Navigating a public health crisis has become part of the norm for student life during the COVID-19 pandemic. Now, as monkeypox casts a familiar air of uncertainty, UF students worry they could face another viral outbreak.
The Centers for Disease Control and Prevention declared monkeypox a public health emergency in July, with the Florida Department of Health reporting the first confirmed monkeypox case in Alachua County soon after.
As of Sept. 10, there are nine monkeypox cases reported in Alachua County, with one of the cases belonging to the 15 to 19 years age range, and another in the 20 to 24 years age range. The number of reported cases increased by five since Aug. 29.
Alachua County has shared information about monkeypox from the Florida Health Department; however, response procedure isn’t at the county level because the area isn’t under a state of emergency, Alachua County spokesperson Mark Sexton said.
The past two years of the COVID-19 pandemic included quarantine periods, mask mandates and safety protocols. Many feel burnt out from dealing with the outcome of a pandemic and are wary of monkeypox.
Monkeypox is transmitted predominantly from intimate skin-to-skin contact with an infected person, but it can also be transmitted through close contact with respiratory droplets, said Jerne Shapiro, UF Department of Epidemiology faculty member.
The symptoms of monkeypox include the emergence of rashes, fever, exhaustion and muscle aches. The disease often lasts two to four weeks, according to the CDC.
Data from the CDC conveys that men who have sex with men make up the majority of monkeypox cases. Monkeypox vaccination and education efforts have been focused on that group, said Paul Myers, administrator of the Florida Department of Health in Alachua County.
However, LGBTQ+ advocates caution those who fear monkeypox to not repeat the mistake of the HIV/AIDS crisis. Anyone who has been in personal contact with an infected individual is at risk, according to the CDC.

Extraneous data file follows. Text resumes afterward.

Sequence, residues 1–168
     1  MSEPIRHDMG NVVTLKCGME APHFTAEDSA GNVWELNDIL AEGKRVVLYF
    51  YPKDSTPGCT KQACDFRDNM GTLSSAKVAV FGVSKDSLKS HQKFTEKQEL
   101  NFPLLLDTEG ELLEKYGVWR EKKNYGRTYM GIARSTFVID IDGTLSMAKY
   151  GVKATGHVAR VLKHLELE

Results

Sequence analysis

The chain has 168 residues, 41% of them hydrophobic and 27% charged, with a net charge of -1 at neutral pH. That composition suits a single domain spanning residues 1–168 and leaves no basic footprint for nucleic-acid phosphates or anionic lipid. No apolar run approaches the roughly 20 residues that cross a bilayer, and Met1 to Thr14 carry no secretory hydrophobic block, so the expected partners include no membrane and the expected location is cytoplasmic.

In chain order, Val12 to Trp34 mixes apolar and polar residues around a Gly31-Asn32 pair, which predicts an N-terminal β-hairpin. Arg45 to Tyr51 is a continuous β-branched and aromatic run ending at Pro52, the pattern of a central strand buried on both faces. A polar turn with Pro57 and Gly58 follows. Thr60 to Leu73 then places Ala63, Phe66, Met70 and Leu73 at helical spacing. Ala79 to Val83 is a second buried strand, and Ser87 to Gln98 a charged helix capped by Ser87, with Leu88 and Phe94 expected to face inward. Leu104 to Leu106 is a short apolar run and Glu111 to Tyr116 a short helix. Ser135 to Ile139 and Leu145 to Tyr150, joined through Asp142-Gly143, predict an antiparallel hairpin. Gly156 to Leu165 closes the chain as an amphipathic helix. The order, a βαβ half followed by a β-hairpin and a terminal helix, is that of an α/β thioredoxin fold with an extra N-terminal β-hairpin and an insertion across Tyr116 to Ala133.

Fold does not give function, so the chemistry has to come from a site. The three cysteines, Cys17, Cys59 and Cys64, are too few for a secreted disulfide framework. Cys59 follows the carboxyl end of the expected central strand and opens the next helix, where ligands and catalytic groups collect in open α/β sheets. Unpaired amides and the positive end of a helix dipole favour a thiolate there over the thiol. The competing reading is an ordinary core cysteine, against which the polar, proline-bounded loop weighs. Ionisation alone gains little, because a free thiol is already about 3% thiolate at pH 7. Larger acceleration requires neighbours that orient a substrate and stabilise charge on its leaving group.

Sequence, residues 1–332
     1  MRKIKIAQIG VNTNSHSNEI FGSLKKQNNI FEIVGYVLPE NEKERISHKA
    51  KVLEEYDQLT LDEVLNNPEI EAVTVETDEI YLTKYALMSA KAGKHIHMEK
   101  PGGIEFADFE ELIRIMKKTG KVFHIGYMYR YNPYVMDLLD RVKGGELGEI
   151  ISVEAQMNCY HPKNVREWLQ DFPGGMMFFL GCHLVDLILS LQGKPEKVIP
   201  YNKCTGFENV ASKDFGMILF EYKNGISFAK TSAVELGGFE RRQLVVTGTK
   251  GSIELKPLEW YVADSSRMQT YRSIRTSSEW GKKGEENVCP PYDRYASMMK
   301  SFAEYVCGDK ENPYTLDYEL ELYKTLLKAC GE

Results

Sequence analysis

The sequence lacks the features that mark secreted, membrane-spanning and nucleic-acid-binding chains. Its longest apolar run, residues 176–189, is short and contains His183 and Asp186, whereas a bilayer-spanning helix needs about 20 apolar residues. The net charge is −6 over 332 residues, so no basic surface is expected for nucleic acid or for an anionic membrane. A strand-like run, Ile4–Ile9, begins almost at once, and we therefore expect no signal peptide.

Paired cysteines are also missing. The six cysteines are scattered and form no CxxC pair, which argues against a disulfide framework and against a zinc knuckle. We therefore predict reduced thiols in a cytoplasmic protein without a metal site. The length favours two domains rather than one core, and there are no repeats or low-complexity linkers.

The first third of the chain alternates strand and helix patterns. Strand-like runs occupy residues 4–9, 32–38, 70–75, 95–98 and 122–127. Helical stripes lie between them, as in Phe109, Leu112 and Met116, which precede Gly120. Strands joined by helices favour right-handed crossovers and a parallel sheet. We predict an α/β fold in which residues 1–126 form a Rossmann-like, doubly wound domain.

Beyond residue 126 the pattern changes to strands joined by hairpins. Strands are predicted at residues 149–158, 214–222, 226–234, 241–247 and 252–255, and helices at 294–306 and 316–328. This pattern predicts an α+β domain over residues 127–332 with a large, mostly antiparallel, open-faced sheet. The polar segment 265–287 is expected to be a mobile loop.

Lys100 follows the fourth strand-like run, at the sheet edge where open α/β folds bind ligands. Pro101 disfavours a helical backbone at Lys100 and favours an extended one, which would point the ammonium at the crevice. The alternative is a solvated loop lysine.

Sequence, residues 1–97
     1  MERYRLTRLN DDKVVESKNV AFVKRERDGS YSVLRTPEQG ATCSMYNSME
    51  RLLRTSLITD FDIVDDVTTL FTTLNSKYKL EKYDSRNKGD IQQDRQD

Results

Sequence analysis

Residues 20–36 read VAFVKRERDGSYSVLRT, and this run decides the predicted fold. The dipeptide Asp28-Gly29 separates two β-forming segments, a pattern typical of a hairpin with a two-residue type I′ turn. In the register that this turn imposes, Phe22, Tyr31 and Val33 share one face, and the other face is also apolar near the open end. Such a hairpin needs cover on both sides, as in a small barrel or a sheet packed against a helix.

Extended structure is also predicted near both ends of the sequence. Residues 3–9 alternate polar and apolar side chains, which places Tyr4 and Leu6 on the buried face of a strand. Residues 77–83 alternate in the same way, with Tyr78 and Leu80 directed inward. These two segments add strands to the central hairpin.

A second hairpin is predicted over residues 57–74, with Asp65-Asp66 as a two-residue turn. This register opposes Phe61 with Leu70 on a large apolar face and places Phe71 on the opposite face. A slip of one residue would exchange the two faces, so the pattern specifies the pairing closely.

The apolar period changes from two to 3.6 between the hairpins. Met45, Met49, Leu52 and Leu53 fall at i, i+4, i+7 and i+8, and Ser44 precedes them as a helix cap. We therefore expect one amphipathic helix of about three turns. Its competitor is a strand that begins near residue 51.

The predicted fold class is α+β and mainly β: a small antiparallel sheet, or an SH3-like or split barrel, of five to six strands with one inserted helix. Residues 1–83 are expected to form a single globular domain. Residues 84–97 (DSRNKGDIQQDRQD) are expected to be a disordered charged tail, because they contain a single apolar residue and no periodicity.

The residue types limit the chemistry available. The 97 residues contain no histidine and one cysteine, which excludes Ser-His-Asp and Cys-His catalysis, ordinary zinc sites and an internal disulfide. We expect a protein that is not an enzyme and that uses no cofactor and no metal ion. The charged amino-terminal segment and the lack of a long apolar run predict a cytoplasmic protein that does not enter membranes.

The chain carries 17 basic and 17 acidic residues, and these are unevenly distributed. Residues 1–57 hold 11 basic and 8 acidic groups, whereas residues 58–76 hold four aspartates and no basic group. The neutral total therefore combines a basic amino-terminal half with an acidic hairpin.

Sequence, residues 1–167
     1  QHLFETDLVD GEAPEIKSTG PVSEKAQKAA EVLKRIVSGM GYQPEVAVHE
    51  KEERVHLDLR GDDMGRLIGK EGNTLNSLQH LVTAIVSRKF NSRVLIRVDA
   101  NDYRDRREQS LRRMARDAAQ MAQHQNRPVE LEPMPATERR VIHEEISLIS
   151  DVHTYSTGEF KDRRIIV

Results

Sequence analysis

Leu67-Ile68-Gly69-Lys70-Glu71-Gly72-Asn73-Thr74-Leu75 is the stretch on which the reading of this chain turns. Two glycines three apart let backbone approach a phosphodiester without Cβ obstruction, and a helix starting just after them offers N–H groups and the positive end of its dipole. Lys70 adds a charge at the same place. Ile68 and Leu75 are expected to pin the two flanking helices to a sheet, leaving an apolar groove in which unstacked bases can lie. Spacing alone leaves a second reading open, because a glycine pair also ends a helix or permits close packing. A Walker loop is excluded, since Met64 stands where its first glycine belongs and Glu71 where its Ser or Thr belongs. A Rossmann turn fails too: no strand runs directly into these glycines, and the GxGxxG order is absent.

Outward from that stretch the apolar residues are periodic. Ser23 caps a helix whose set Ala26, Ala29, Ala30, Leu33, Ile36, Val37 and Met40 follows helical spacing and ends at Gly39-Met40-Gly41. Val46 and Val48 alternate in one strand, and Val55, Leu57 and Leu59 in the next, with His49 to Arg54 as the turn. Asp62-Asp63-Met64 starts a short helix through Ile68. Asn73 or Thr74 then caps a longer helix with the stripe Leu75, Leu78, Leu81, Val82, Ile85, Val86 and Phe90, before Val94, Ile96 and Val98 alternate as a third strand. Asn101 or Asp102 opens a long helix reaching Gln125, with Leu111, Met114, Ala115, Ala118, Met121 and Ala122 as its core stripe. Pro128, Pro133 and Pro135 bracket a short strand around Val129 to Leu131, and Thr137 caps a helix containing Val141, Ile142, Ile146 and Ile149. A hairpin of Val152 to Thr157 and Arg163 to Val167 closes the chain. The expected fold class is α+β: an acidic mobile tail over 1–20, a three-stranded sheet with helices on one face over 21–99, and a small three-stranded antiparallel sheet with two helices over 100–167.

While students have recently made their return to Gainesville, the risk of monkeypox is not directly tied to an increase in population, Shapiro said.
“It does bring people in that may have traveled, but the real risk for monkeypox comes with the number of sexual partners that you have had recently,” Shapiro said. “It's not transmitted through handshakes or casual contact. The majority of the population is not at risk.”
Alexandria Daves, a UF chemical engineering senior, said she fears contracting monkeypox and wears a mask to minimize her risk of catching any illnesses. The 21-year-old said she feels a little nervous about being on campus with the potential of monkeypox spread.
But the nerves don’t trump her desire to attend classes in-person.
“I go back and forth because when I hear about [monkeypox] on the news, I’m like ‘I need to make sure I’m washing my hands and keeping away from people,’” Daves said. “I started disinfecting my phone and my iPad and laptop when I get home.”
Jana Taher, a 20-year-old UF English senior, was concerned when she first heard about monkeypox over the summer. Taher worried the outbreak could impact her return to UF.
“I was freaking out a lot because I was scared,” Taher said. “But it seems like nobody cares.”